Are Our Democracies Endangered?
There was a time when military action was the most likely cause of turning a nation from democracy to demagoguery, but today these transformations happen at the ballot box—and America has not escaped the trend, according to Daniel Ziblatt, coauthor of How Democracies Die. Ziblatt spoke on the theme Are Our Democracies Endangered? at an Oct. 11 Ford Hall Forum at Suffolk University.
Back in the days when major party presidential candidates were chosen in “smoke-filled back rooms” away from the convention floor, there was little chance that fringe candidates like the anti-Semite Henry Ford, Communist conspiracy theorist Joe McCarthy, or segregationist George Wallace would become a presidential nominee, according to Ziblatt, a Harvard professor of government, who coauthored the New York Time best-selling book with Steven Levitsky.
While that selection system was far from transparent, it allowed the parties to be gatekeepers, blocking potential demagogues, according to Ziblatt. Things changed when the parties adopted binding primaries after the 1968 election, “and Trump found the gates wide open.”
Straying from democratic norms
Trouble also brewed when the Constitution was undercut by lack of commitment to democratic norms and lack of forbearance, or the exercise of restraint.
“When politics is so deeply polarized that each party feels that victory by the other is dangerous…it leads to a failure of democracy,” said Ziblatt in speaking of the ebbing of norms. This problem became evident in the late ‘90s, when Republican House Speaker Newt Gingrich began using terms like “betray” to label the actions of his political opponents, painting them as the enemy.
“America always has had an extremist fringe, but mainstream politicians become more extreme when they view opponents as a threat,” said Ziblatt.
Lack of political restraint
And congressional Republicans showed no forbearance when they refused to hold hearings on President Barack Obama’s Supreme Court nominee Merrick Garland, nor did Obama when he went around a GOP Congress that blocked his initiatives, making them come to pass by issuing executive orders, according to Ziblatt. Meanwhile, each party has ramped up use of the filibuster to block the other.
Some liken the rising tide of public dissatisfaction with our democracy to the sea change being brought about by global warming, according to Ziblatt. They say that, unless we take action now, disaster could be in the offing.
“But maybe it’s more like an earthquake, with deep fault lines that have erupted from time to time,” he said. “We have to make sure our institutions are strong enough to survive the eruptions.”
“We must constantly be vigilant,” said Law Professor Renée Landers, director of Suffolk University Law School’s Health Law Concentration. She cited an abrogation of norms in the Supreme Court’s decision to decide the Gore-Bush election and Republican reliance on external, unelected groups like the Federalist Society to suggest federal judicial appointments.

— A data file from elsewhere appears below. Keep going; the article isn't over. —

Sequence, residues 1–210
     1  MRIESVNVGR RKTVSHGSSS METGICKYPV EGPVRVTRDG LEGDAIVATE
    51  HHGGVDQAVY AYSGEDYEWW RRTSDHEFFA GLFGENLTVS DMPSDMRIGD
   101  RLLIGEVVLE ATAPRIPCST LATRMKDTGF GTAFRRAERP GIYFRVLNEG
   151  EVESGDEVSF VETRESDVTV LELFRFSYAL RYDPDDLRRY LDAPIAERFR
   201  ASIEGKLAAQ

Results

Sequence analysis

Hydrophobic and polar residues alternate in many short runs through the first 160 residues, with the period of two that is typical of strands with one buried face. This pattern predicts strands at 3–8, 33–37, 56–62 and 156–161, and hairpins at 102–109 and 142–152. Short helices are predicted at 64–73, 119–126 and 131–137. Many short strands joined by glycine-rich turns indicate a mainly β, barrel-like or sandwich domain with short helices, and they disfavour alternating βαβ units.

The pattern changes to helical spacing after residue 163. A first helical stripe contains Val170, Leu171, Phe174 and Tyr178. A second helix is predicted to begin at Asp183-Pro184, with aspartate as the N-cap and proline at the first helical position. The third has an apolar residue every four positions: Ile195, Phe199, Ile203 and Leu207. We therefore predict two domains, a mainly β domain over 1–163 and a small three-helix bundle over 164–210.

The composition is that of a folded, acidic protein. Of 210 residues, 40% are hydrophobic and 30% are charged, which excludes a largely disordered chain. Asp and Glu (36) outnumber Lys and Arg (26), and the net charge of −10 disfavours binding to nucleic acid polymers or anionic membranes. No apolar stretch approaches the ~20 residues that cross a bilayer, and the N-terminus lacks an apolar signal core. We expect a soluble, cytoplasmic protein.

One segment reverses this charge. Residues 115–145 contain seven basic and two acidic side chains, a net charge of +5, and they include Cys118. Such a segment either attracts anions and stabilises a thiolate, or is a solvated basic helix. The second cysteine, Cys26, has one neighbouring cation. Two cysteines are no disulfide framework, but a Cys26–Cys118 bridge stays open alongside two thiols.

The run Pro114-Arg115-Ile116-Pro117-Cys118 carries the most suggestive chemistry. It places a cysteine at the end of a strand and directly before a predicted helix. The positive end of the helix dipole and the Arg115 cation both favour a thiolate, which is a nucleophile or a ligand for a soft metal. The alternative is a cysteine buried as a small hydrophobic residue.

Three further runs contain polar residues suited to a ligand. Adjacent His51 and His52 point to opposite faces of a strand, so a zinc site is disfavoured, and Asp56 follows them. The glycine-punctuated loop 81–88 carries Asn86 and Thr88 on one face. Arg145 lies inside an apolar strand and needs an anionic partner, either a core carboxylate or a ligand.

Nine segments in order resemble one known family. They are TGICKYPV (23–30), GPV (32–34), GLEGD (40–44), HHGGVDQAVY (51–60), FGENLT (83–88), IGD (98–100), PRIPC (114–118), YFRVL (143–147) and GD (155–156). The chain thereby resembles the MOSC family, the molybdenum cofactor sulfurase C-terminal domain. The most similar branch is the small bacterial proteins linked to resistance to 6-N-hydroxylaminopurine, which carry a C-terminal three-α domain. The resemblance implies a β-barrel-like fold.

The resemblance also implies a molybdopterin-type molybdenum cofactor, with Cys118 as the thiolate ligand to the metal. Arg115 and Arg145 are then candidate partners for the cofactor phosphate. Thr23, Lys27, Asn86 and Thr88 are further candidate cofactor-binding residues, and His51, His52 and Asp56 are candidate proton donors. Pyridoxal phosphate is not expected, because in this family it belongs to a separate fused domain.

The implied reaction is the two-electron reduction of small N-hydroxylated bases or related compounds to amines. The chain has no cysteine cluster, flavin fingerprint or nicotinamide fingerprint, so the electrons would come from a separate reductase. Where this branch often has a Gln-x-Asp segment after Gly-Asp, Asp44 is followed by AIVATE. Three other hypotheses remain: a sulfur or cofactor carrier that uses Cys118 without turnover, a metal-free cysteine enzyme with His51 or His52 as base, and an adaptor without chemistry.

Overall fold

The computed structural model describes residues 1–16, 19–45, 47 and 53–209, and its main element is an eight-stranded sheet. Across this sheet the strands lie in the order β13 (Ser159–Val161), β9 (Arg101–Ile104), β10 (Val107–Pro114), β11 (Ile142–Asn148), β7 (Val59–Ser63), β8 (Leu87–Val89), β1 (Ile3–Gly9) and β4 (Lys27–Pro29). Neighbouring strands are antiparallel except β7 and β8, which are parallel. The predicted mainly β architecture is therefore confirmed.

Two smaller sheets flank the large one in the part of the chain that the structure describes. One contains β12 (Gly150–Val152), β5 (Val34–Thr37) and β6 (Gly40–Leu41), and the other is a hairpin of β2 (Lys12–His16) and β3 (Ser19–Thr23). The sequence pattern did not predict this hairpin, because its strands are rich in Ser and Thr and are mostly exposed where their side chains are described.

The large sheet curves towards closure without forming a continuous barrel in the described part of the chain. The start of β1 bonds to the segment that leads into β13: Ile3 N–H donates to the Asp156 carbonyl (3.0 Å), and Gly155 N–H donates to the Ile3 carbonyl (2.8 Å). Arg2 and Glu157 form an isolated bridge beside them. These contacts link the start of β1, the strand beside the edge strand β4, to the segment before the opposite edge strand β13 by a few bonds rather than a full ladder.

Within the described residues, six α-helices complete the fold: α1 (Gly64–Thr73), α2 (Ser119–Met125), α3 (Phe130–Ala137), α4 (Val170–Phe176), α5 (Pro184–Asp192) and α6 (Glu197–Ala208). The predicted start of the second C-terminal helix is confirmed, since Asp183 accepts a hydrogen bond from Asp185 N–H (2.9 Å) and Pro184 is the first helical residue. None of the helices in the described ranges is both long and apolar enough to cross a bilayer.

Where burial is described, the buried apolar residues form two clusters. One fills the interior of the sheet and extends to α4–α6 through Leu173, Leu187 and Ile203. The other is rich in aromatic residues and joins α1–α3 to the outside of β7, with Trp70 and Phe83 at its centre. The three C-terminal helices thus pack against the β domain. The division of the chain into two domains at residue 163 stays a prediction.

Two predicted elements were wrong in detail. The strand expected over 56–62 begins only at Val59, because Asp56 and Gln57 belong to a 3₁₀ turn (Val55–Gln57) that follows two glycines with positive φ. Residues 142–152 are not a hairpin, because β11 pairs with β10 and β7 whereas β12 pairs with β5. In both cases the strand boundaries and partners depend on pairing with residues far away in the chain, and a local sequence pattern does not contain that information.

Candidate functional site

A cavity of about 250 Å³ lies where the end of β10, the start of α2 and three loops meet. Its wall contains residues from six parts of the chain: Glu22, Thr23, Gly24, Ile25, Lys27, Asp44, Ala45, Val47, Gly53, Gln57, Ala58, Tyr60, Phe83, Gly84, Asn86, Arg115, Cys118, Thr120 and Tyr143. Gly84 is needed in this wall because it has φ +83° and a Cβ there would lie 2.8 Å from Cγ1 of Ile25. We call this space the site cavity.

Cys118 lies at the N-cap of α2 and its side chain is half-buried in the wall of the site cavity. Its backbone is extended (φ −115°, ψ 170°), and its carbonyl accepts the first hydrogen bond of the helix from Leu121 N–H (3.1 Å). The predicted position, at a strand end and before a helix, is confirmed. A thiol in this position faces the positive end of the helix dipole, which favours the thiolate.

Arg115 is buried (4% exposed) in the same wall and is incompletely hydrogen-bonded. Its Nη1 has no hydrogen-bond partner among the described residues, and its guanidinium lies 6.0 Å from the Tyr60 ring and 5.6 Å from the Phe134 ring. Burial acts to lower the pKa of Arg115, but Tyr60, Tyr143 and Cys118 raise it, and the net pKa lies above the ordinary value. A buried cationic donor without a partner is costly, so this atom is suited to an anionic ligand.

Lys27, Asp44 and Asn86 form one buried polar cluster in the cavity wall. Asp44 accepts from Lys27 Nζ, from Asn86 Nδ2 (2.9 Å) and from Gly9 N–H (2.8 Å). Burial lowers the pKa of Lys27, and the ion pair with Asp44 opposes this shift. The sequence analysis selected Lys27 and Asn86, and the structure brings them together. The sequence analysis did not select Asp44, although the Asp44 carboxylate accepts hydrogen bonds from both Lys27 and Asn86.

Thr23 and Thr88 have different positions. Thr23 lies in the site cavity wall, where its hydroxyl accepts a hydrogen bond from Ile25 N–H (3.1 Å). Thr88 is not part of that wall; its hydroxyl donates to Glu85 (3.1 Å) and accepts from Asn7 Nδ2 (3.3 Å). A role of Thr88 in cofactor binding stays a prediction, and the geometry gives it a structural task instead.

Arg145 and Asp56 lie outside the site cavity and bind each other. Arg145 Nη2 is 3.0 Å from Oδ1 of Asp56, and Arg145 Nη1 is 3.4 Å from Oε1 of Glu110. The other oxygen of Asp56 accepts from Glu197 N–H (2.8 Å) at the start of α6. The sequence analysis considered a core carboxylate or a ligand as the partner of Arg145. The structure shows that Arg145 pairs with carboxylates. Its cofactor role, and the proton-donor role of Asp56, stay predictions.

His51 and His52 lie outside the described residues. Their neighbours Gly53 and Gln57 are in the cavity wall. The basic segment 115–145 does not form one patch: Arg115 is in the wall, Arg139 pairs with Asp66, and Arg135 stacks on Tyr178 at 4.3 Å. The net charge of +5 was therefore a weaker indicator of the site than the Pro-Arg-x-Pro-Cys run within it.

Landers said that the idea of term limits instead of lifelong tenure has been floated “to give every president the opportunity to appoint a Supreme Court justice.”
Boston College Philosophy Professor Greg Fried said he was encouraged that How Democracies Die is a best seller, because “it shows that people care” about democracy.
Fried said that “the original sin of the American Republic” is failing to live up to the philosophical ideal reflected in the opening of the Constitution: “We the people.…”
“We know that racism and slavery were ground into the bones of the Republic from the beginning,” said Fried. “We have not yet come to grips with the fractures” and the underlying fears that result. Thus many “white Christians feel that it’s their last chance with Trump as their avatar.”
Political parties’ roles
“The underpinning of our democracy is a strong two-party system. We don’t have that now,” said Richard Taylor, executive in residence at Suffolk’s Sawyer Business School and director of its Center for Real Estate. “I think the Republican Party has to lose big to show that the Trump model doesn’t work, and then they will find a new way.”
Taylor urged members of the packed house to register and vote. “And the best way to get involved beyond voting is to stand for public office,” he said.
Acting Provost Sebastián Royo, who moderated the forum, asked panelists how we can get away from polarization.
“Polarization works,” said Professor Brian Conley, director of Suffolk’s Graduate Program in Political Science. “Polarization mobilizes people.”
“The party used to grab you by the collar. You’d mobilize 30 people who think like you and get them to vote.”
Conley said a polarized Republican Party has become more cohesive, while the Democratic Party is a “confederated, weak party. Polarization gets people together.”
“The Democratic Party is under pressure but wisely showing forbearance,” said Ziblatt, giving as examples the Democrats’ “not jumping to impeachment” but instead waiting for the Mueller report on the Russian election interference to be issued and their participating in the Judiciary Committee hearings on the Brett Kavanaugh Supreme Court nomination when they could have walked out.
The forum was opened up to audience questions, and discussion also touched on the roles of social media, civic engagement, journalism, dishonesty by politicians, and more.
The University’s role
“That we are presenting this forum makes an important statement about Suffolk University,” said President Marisa Kelly. “We foster skills of civil discourse in all of our students to ensure that democracy stays strong.’
Members of the University community participated a How Democracies Die book group, moderated by Government Professor Christina Kulich-Vamvakas, in connection with the Ford Hall Forum, one of many Inauguration Weekend events celebrating Kelly and the University.